In Private Life, Kathryn Hahn and Paul Giamatti portray a middle-aged couple struggling with infertility. The film paints a funny but unflinching portrait of the efforts to have a child, from painful IVF injections, to anxious adoption interviews, to the humbling search for an egg donor. Throughout the journey, they remain a unit. With their on-screen chemistry fully intact in the mahogany and red-velvet environs of New York’s NoMad Hotel, Hahn and Giamatti greet each other with a long embrace. They immediately fall into a couple’s rhythm of completing one another’s sentences when talking about their collaboration with writer-director Tamara Jenkins.
What attracted you to this film?
Paul Giamatti: I have known Tamara for a long time, and we had tried to work on something before and that didn’t work out. I wanted to work with her. Clearly, someone else didn’t work out, so she came to me.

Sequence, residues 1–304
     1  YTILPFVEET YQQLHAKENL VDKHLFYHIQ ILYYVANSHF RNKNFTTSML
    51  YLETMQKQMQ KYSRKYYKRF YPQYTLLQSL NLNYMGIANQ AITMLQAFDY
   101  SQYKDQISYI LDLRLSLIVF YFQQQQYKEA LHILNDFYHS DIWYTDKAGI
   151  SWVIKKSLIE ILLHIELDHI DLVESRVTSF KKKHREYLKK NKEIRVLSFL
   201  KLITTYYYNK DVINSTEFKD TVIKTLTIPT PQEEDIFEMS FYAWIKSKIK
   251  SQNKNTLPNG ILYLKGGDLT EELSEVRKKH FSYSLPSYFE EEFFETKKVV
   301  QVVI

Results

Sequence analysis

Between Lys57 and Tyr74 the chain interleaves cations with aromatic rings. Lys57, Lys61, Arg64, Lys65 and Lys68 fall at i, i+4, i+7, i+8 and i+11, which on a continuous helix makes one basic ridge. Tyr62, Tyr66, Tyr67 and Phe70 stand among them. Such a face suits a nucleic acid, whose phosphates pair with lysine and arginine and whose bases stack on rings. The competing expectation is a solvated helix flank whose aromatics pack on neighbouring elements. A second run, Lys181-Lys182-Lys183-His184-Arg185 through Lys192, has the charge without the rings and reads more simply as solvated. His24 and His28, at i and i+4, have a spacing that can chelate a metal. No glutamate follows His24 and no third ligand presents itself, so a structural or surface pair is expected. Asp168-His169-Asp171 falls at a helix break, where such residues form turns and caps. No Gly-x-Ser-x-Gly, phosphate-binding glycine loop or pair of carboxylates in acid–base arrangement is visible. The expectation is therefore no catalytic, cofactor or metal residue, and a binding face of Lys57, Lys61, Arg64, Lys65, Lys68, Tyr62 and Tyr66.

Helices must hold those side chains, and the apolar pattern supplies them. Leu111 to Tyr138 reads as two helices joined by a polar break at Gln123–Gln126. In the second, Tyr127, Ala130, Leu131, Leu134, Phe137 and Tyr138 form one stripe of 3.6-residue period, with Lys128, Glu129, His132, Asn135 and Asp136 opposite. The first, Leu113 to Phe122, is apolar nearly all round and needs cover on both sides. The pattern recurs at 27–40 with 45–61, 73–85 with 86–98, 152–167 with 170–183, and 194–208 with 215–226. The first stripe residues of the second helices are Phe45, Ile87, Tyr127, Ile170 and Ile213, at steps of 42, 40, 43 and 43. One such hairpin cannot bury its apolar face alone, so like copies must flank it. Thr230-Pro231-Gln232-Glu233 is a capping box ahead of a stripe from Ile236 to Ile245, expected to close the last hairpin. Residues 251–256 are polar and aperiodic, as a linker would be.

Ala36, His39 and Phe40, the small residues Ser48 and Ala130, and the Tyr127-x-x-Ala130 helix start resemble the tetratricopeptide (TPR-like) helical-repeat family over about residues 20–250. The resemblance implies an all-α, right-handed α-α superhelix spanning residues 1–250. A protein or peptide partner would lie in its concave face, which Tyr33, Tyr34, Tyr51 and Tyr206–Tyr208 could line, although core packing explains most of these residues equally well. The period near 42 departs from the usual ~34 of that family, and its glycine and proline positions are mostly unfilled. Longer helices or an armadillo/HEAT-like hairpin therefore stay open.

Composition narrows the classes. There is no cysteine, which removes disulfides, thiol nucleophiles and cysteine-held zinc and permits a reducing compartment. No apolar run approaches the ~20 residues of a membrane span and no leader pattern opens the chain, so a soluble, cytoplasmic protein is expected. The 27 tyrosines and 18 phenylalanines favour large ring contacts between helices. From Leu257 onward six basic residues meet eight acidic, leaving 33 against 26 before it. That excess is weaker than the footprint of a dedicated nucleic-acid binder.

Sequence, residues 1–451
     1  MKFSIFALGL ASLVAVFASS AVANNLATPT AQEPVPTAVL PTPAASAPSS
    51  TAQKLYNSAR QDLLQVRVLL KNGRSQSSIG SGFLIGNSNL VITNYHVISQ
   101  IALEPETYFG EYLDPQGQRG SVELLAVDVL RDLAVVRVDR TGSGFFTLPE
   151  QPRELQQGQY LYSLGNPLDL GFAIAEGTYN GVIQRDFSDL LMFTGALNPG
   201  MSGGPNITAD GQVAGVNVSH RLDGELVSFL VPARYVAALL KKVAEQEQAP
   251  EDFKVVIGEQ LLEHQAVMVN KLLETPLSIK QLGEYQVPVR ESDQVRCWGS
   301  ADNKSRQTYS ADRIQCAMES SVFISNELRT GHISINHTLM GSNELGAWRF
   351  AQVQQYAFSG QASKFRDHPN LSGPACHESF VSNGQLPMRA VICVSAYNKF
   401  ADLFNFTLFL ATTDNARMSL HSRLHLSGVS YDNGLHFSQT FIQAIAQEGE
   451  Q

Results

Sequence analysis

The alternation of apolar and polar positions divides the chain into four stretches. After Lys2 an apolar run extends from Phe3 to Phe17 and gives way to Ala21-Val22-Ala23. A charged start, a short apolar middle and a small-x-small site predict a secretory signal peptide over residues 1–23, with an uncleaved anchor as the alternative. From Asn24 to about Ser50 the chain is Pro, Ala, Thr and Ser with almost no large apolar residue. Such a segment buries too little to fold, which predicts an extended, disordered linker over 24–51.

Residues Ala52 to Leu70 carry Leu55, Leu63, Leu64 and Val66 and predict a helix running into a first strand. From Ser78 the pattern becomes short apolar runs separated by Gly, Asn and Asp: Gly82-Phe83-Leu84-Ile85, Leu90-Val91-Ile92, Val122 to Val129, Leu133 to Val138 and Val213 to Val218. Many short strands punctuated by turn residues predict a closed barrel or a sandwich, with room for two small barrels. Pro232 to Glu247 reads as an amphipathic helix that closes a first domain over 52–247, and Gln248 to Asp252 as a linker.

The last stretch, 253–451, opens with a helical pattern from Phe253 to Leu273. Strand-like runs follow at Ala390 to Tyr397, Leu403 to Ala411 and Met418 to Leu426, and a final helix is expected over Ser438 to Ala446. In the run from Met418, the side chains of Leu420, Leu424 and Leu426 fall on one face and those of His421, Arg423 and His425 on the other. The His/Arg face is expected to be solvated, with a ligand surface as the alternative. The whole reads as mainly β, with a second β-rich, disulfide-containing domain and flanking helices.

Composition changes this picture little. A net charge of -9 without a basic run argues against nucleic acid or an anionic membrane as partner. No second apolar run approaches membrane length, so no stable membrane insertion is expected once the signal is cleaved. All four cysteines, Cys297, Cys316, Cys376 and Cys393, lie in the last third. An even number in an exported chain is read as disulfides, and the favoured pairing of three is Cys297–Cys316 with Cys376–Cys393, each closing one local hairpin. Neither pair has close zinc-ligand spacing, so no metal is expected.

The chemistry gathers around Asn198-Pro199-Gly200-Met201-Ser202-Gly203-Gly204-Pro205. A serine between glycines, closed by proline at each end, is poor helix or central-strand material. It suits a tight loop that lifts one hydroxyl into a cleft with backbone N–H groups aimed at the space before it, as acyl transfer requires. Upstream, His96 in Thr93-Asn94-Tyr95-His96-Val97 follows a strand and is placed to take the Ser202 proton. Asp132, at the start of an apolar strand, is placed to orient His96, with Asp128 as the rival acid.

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Kathryn Hahn: [Laughs] She vaguely knew who I was. We had never before.
Giamatti: That’s bullshit.
Hahn: No, really. [Casting director] Jeanne McCarthy whispered, “Well it’s Kathryn Hahn.” And she was like, “Who?”
Giamatti: I’m not buying any of this.
Hahn: That’s her narrative. I read the script and I was huge admirer of The Savages. I flew myself to New York just to meet her for like an early dinner. We just sniffed each other out. We spilled wine. It was just kind of like a courtship. We kind of flirted.
I had to do temporary [ADR] for a show I was doing called I Love Dick. So she said, “Do you want to come up and use my office?” I went up to the office, where all the mood boards were up for the movie. Very evocative, moody photos. I just kind of like spiritually left my scent in the room. This was one of those parts that just never usually goes to this human.